Saturday, May 10, 2014

Where Everybody Knows Your Name (Dear Katie V2 #19)

Dear Katie,

My last month in high school, I stumbled into my first period Physics class, hardly awake, as usual, as the morning announcements began.  Half listening, I heard three of my baseball teammates were awarded second team all-conference status.  I remember thinking, "That's Cool".  All of a sudden my good friend Fred and his buddy Louie began shaking me saying, "Way to go Cullen".  As I rewinded in my mind what was said on the intercom, I remembered hearing the voice say that I had earned first team honors.  One of my favorite memories of high school.

They say that hearing your name is the sweetest sound in the world.  Remember that in the classroom.  Praise your students by name whenever possible.  I often create hypothetical historical situations where I use students in the classroom names.  It not only engages the kids whose name I use, but also keeps the rest of the class listening as I weave my tale.  Say hi to kids by name in the hallway, be quick to honor them with praise in front of fellow teachers.

When former students run into you around town, you will never see a wider smile than the ones that follow the following statement, "Wow, you remember my name."

As a coach, I do not write up stories for morning announcements to allow the school to know if their team had won or lost the day before.  The main purpose to give the boys on the team the experience of being like their heroes who are announced on ESPN. I try to include as many names of the boys who had good games so they can hear their names and be proud of their accomplishments.  It is neat to walk down the hallway later in the day and a boy recite what they heard about themselves on the intercom, "Johnny Jones' ripped a bases loaded double to begin the scoring barrage."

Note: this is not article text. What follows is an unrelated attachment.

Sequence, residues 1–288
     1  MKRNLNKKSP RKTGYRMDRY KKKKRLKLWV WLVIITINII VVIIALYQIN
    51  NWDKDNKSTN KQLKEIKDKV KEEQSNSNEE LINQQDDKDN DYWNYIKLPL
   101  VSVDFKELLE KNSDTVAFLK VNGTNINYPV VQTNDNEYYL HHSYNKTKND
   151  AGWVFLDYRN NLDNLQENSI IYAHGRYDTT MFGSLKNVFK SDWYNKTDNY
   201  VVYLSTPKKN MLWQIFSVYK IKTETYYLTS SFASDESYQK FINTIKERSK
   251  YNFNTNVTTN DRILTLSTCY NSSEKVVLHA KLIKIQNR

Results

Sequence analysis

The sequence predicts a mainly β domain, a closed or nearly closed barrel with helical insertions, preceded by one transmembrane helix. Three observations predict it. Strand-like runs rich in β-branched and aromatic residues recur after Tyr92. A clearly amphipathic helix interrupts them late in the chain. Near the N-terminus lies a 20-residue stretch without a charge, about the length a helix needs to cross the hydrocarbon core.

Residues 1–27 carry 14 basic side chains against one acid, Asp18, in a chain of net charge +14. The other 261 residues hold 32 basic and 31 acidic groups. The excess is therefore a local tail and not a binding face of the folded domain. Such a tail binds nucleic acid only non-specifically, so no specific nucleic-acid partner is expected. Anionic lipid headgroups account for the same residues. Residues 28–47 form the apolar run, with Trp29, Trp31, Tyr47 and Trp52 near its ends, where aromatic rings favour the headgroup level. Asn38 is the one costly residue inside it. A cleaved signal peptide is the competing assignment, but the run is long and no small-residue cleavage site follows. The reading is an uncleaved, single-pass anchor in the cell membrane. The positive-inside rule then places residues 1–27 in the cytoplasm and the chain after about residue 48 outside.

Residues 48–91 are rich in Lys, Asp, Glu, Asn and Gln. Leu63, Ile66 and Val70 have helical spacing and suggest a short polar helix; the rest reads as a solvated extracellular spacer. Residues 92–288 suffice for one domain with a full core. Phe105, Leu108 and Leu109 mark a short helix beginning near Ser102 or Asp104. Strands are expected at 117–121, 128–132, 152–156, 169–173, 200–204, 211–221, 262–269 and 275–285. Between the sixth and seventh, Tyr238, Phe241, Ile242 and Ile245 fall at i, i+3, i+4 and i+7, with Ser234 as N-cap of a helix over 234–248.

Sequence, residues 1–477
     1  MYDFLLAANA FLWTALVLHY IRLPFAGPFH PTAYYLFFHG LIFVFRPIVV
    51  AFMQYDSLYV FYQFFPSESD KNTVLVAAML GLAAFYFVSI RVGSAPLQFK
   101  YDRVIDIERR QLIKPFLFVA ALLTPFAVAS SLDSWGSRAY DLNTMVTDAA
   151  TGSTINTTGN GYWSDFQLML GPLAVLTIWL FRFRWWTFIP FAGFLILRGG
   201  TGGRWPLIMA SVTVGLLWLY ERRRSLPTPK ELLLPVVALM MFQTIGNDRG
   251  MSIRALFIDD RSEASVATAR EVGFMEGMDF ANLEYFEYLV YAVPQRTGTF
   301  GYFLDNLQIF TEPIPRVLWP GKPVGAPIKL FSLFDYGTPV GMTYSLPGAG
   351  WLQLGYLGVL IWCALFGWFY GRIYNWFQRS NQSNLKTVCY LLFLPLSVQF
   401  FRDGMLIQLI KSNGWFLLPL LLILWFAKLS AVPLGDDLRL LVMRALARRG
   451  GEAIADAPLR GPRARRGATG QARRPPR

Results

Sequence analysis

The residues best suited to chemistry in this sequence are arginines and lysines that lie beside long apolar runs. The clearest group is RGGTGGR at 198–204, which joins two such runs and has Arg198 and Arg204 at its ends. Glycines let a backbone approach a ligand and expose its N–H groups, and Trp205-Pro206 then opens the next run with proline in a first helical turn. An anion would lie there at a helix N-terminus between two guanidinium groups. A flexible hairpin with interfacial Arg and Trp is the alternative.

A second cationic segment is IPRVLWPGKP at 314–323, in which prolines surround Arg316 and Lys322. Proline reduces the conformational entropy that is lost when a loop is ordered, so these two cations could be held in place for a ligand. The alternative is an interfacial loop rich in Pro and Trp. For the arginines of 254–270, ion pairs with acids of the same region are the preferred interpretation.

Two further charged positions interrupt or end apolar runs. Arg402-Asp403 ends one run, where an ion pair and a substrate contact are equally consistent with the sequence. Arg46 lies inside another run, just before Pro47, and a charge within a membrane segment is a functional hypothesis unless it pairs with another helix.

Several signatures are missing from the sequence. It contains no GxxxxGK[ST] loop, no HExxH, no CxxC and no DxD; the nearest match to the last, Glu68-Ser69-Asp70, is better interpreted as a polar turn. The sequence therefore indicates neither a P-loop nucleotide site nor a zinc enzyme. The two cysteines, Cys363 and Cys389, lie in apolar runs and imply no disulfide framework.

Knowing and saying students' names is a great example 
how something of such small effort reaps big rewards.

Education is far more than just the subject you teach.  It's about the management of people, creating experiences where they can mature and develop their thinking skills.  Kids are not robots, and by giving them experiences where they can feel good about themselves, will only enhance their effort in school.  Not that I'm one of these "self-esteem first" teachers, but lets be honest, you're going to work harder in a place where you know you, as an individual, are appreciated.

You're going to work harder in a place where everybody knows your name.
(borrowing a phrase from the Cheers theme song)

The other day, your little cousin came home with a "Student of the Month" award.  She received a certificate recognizing her accomplishment.  Also, she earned an ice cream pass as a reward and has her picture on a wall across from the main office at the school.  But do you know what she was most excited by,

"Daddy, they said MY NAME over the loudspeaker."

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